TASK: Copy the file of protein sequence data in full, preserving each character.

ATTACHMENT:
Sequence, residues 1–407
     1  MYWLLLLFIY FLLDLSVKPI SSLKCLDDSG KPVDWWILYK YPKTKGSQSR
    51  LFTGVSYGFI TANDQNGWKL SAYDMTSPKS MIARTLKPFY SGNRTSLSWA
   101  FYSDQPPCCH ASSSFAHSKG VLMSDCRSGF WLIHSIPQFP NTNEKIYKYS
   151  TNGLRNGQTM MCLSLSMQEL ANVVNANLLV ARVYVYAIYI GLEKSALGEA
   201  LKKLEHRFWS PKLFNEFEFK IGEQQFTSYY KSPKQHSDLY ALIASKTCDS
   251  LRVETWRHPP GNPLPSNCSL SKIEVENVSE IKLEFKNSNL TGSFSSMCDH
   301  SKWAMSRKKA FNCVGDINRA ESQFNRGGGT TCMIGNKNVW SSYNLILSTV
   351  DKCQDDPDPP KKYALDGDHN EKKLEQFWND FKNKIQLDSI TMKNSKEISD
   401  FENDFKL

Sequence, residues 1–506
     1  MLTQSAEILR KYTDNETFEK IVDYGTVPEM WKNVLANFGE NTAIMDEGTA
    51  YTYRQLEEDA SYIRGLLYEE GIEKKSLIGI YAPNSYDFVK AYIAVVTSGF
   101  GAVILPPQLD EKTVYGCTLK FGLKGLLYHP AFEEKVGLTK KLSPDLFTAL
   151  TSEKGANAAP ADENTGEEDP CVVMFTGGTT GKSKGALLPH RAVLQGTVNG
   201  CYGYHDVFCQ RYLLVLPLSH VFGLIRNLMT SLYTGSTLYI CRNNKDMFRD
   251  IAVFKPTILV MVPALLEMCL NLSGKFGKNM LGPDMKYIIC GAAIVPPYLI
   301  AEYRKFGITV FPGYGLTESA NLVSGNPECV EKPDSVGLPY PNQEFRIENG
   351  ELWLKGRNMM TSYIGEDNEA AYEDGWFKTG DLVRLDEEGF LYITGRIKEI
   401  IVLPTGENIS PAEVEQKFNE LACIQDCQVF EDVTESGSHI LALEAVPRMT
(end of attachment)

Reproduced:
Sequence, residues 1–407
     1  MYWLLLLFIY FLLDLSVKPI SSLKCLDDSG KPVDWWILYK YPKTKGSQSR
    51  LFTGVSYGFI TANDQNGWKL SAYDMTSPKS MIARTLKPFY SGNRTSLSWA
   101  FYSDQPPCCH ASSSFAHSKG VLMSDCRSGF WLIHSIPQFP NTNEKIYKYS
   151  TNGLRNGQTM MCLSLSMQEL ANVVNANLLV ARVYVYAIYI GLEKSALGEA
   201  LKKLEHRFWS PKLFNEFEFK IGEQQFTSYY KSPKQHSDLY ALIASKTCDS
   251  LRVETWRHPP GNPLPSNCSL SKIEVENVSE IKLEFKNSNL TGSFSSMCDH
   301  SKWAMSRKKA FNCVGDINRA ESQFNRGGGT TCMIGNKNVW SSYNLILSTV
   351  DKCQDDPDPP KKYALDGDHN EKKLEQFWND FKNKIQLDSI TMKNSKEISD
   401  FENDFKL

Sequence, residues 1–506
     1  MLTQSAEILR KYTDNETFEK IVDYGTVPEM WKNVLANFGE NTAIMDEGTA
    51  YTYRQLEEDA SYIRGLLYEE GIEKKSLIGI YAPNSYDFVK AYIAVVTSGF
   101  GAVILPPQLD EKTVYGCTLK FGLKGLLYHP AFEEKVGLTK KLSPDLFTAL
   151  TSEKGANAAP ADENTGEEDP CVVMFTGGTT GKSKGALLPH RAVLQGTVNG
   201  CYGYHDVFCQ RYLLVLPLSH VFGLIRNLMT SLYTGSTLYI CRNNKDMFRD
   251  IAVFKPTILV MVPALLEMCL NLSGKFGKNM LGPDMKYIIC GAAIVPPYLI
   301  AEYRKFGITV FPGYGLTESA NLVSGNPECV EKPDSVGLPY PNQEFRIENG
   351  ELWLKGRNMM TSYIGEDNEA AYEDGWFKTG DLVRLDEEGF LYITGRIKEI
   401  IVLPTGENIS PAEVEQKFNE LACIQDCQVF EDVTESGSHI LALEAVPRMT